Port-of-Spain then and now - is sustainable infrastructure dependent on a people's mindset?

A friend from the US Information Services of Trinidad & Tobago sent these photos of Colonial Trinidad via e-mail. While the photos bring back nostalgia and patriotism, they also bring to my mind questions on sustainable infrastructure and the cultural aspects of such, in Port-of-Spain.

I have heard my elderly relatives say they wish Colonialism never ended in Trinidad. I would of course scoff at this (and still do), but now I understand a bit what they meant. The workable order in these photos of Independence Square and Frederick Street is astounding – I never in my wildest dreams could imagine such an orderly system in downtown Port of Spain!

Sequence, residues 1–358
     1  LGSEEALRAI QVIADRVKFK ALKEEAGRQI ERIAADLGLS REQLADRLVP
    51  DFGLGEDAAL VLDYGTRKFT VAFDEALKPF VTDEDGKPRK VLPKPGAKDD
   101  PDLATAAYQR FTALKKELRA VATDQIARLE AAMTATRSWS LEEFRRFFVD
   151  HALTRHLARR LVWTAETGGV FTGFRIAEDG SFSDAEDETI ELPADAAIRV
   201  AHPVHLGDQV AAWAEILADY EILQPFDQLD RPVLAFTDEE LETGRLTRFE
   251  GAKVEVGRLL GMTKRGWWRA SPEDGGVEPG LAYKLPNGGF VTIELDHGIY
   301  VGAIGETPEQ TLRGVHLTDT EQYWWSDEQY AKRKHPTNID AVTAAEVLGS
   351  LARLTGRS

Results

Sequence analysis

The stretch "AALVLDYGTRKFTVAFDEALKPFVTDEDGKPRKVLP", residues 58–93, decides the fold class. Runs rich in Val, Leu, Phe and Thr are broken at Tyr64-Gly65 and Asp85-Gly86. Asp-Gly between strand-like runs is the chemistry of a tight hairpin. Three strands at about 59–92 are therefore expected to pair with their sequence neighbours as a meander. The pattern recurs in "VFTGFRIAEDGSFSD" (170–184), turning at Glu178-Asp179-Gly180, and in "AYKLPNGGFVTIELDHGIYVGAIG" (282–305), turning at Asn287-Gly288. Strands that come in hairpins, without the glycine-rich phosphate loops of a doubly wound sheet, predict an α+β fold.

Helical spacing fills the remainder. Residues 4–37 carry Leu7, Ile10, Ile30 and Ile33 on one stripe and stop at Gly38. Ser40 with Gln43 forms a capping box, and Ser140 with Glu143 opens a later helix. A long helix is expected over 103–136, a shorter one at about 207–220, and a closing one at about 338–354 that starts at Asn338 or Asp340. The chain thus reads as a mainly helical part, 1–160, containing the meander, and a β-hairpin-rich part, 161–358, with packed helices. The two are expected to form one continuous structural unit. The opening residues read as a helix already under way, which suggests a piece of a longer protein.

I am highly utilitarian, and love things organized. I can only function best in a system which either 1. is workable or 2. in process of flow. Needless to say, the current situation of what has become modern Frederick Street feels uncontrollable. Freedom of movement has been distressed in downtown Port-of-Spain. Does business happen on Frederick Street? Of course. Is it possible to drive from one end to the other? Yes. But not without relentless congestion and narrow spaces.*